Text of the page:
Elevated blood pressure and cholesterol levels in young adulthood may lead to an increased risk of heart disease later in life, regardless of later in life exposure to these risk factors, according to research published today in the Journal of the American College of Cardiology.
Blood pressure and cholesterol are major modifiable risk factors for heart disease. While previous studies have found young adult exposures to be associated with heart disease later in life, it is unclear if this contributes to later risk independently of exposures experienced later in life. This knowledge has been restricted due to the limited age range of previous studies.
Using data from six large, community-based, prospective cohort studies, researchers modeled complete risk factor trajectories starting at age 18 through follow-up and used those trajectories to estimate the independent associations of risk factor exposures during young adulthood (age 18-39 years) and later adulthood (age ?40 years) with subsequent risk of coronary heart disease, heart failure and stroke. The researchers calculated period-specific time-weighted averages of systolic blood pressure (SBP), diastolic blood pressure (DBP), and high-density lipoprotein (HDL) and low-density lipoprotein (LDL) cholesterol exposure levels for younger and older adults.
A total of 36,030 participants were included in the analysis. Over a follow-up period of 17 years, there were 4,570 incident coronary heart disease (CHD) events, 5,119 heart failure events and 2,862 stroke events. Average measurements of SBP, DBP, LDL and HDL from young adulthood were all strongly correlated with later in life averages. Elevated LDL during young adulthood was associated with a 64 percent increased risk of coronary heart disease, independent of later life exposures. High SBP and DBP in young adulthood were independently associated with a 37 percent and 21 percent increased risk of heart failure, respectively. While no young adult exposures were independently associated with stroke, increased levels of high later life SBP or DBP were strong predictors of stroke.
"Our results add to accumulating evidence that young adulthood is a critical period when high blood pressure or cholesterol are particularly harmful. Maintaining optimal levels of blood pressure and LDL cholesterol throughout young adulthood could yield substantial lifetime cardiovascular disease prevention benefits," said Andrew E. Moran, MD, MPH, associate professor at Columbia University and senior author of the study. "However, young adults are difficult to reach by way of traditional, clinic-based preventive programs--they are transitioning between pediatric and adult-centered models of care, they often lack health insurance or experience frequent gaps in insurance coverage. Young adult utilization of ambulatory medical care and adherence to preventive health guidelines are the lowest of any age group."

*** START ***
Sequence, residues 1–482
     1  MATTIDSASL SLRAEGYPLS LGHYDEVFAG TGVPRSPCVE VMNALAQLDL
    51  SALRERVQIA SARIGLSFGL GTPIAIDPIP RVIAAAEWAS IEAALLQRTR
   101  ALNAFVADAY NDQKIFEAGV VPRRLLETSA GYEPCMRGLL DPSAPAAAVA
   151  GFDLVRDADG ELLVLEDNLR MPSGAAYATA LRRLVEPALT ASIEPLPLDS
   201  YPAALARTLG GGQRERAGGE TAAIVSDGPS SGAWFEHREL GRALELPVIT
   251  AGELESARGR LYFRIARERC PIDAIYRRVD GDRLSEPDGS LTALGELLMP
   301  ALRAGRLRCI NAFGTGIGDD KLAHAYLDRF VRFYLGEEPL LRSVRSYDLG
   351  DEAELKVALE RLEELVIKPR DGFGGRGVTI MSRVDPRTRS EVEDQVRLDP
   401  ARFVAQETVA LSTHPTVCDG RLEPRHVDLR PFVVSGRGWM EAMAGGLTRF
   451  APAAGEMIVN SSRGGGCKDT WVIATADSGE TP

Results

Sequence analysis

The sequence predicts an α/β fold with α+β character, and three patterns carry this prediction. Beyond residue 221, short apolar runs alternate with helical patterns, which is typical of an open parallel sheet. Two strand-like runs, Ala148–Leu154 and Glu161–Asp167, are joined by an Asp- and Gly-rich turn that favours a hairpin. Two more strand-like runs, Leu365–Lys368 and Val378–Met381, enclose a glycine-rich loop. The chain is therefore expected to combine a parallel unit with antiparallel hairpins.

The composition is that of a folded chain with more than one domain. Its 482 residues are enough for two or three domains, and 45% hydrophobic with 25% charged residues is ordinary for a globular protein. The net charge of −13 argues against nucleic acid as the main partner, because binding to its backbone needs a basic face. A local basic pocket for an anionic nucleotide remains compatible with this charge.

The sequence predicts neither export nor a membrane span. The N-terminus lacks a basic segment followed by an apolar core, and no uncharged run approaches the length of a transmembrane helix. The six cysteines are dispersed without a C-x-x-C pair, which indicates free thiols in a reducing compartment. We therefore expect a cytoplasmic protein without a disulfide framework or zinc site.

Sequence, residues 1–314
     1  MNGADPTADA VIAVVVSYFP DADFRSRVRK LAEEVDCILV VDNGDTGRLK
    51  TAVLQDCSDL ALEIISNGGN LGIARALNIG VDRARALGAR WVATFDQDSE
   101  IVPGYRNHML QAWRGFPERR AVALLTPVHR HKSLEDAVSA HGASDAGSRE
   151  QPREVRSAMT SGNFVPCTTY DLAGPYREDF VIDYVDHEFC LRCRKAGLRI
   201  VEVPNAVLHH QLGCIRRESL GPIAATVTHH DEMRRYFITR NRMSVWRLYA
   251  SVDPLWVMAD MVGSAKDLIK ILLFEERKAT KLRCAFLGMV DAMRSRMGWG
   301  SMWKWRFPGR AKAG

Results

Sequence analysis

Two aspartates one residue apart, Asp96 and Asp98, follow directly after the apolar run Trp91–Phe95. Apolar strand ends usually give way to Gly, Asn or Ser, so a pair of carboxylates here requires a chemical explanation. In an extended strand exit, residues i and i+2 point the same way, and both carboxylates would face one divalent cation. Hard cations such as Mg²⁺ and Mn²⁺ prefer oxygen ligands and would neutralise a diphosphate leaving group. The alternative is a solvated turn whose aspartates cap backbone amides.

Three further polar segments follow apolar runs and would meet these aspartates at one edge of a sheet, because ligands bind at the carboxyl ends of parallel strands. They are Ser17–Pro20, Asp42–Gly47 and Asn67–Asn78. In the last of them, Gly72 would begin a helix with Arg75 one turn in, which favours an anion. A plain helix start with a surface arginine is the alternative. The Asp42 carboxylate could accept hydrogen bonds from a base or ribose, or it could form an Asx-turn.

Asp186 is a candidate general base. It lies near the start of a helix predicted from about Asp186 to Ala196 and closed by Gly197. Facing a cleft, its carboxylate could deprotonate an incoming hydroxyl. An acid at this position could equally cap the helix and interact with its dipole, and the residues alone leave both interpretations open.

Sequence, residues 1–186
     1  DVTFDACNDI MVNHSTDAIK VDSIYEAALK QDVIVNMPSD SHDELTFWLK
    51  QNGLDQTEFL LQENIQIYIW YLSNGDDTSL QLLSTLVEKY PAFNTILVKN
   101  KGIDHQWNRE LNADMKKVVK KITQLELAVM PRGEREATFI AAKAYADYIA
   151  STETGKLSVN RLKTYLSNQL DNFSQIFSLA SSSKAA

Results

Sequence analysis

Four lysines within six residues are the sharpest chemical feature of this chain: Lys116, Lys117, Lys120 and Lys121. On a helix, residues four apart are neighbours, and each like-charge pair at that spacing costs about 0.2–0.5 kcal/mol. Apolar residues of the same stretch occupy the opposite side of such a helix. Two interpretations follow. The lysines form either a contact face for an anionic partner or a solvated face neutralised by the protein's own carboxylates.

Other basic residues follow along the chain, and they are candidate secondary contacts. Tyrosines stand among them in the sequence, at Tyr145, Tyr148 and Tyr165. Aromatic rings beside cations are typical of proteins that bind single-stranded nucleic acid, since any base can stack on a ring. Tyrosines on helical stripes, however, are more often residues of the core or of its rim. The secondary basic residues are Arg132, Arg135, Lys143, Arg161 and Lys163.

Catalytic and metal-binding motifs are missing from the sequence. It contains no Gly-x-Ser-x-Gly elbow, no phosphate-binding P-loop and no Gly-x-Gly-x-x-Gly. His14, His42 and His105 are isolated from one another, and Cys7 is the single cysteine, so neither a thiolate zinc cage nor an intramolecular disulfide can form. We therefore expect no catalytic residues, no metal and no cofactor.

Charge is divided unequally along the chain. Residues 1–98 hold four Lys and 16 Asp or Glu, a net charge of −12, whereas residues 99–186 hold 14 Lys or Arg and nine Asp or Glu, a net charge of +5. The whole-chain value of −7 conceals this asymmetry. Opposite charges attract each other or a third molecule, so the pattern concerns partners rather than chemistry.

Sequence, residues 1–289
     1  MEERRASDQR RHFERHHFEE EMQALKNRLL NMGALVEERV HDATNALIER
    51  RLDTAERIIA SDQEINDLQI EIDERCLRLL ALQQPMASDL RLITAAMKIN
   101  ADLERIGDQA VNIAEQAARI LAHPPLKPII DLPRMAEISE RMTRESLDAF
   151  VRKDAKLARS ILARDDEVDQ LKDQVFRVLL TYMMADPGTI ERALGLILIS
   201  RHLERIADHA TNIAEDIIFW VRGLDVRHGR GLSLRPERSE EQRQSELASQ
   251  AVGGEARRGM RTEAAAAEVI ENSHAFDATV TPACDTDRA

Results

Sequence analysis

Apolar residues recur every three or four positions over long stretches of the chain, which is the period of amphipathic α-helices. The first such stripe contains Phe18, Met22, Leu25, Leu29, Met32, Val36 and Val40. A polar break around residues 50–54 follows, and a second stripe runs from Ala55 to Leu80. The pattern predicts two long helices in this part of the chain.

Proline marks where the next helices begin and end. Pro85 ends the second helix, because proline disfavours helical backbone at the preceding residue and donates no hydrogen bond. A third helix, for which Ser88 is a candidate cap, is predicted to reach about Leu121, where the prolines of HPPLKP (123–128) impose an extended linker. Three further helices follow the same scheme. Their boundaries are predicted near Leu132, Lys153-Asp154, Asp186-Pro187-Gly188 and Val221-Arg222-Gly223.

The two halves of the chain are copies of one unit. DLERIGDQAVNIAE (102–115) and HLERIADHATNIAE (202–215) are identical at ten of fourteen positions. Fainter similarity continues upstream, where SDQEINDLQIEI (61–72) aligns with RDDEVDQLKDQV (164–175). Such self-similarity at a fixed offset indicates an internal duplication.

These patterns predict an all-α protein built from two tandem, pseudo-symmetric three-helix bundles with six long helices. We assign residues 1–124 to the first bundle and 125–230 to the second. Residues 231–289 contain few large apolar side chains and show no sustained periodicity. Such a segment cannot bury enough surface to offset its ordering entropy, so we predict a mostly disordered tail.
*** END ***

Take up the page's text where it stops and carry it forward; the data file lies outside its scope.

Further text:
The researchers recommend implementation of preventive programs targeting individual young adults that are web-based, patient-centered, mobile and account for the fact that this age group may discount the importance of their future heart disease risk.
A limitation of this study is that it relied on imputed risk factor levels before age 40 years. Future studies are needed to validate these findings in cohorts with a follow-up spanning from young adulthood to later in life.
In an editorial comment accompanying this study, Samuel S. Gidding, MD, and Jennifer Robinson, MD, MPH, said that this study should be a wake-up call for the medical community to recognize the preventive care gaps experienced by younger adults.
"The time has come to recognize that preventive interventions are occurring too late in life to have a substantial impact on the population burden of atherosclerotic cardiovascular disease (ASCVD) and heart failure," they said. "Interventions in those with established ASCVD, advanced subclinical atherosclerosis, impaired myocardial function, diabetes or renal insufficiency are disease treatment studies and not true prevention. By moving to trials in younger higher risk individuals who have less advanced disease more amenable to reversal and developing precision medicine strategies based on genetics, imaging and other risk factors, the next era of cardiovascular disease prevention can begin."
The American College of Cardiology envisions a world where innovation and knowledge optimize cardiovascular care and outcomes. As the professional home for the entire cardiovascular care team, the mission of the College and its more than 52,000 members is to transform cardiovascular care and to improve heart health. The ACC bestows credentials upon cardiovascular professionals who meet stringent qualifications and leads in the formation of health policy, standards and guidelines. The College also provides professional medical education, disseminates cardiovascular research through its world-renowned JACC Journals, operates national registries to measure and improve care, and offers cardiovascular accreditation to hospitals and institutions. For more, visit acc.org.
The Journal of the American College of Cardiology ranks among the top cardiovascular journals in the world for its scientific impact. JACC is the flagship for a family of journals--JACC: Cardiovascular Interventions, JACC: Cardiovascular Imaging, JACC: Heart Failure, JACC: Clinical Electrophysiology, JACC: Basic to Translational Science, JACC: Case Reports and JACC: CardioOncology--that prides themselves in publishing the top peer-reviewed research on all aspects of cardiovascular disease. Learn more at JACC.org.
Journal of the American College of Cardiology